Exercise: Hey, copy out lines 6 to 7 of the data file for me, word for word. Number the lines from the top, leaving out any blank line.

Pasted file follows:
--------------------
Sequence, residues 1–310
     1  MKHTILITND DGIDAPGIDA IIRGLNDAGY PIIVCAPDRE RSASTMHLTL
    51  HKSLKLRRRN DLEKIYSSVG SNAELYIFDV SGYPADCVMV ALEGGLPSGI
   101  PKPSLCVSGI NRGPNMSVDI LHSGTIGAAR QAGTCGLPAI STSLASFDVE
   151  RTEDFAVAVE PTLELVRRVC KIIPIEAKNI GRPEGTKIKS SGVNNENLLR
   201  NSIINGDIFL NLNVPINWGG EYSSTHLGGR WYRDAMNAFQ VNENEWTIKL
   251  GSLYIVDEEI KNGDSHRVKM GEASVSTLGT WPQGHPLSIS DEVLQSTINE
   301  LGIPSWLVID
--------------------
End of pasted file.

   201  NSIINGDIFL NLNVPINWGG EYSSTHLGGR WYRDAMNAFQ VNENEWTIKL
   251  GSLYIVDEEI KNGDSHRVKM GEASVSTLGT WPQGHPLSIS DEVLQSTINE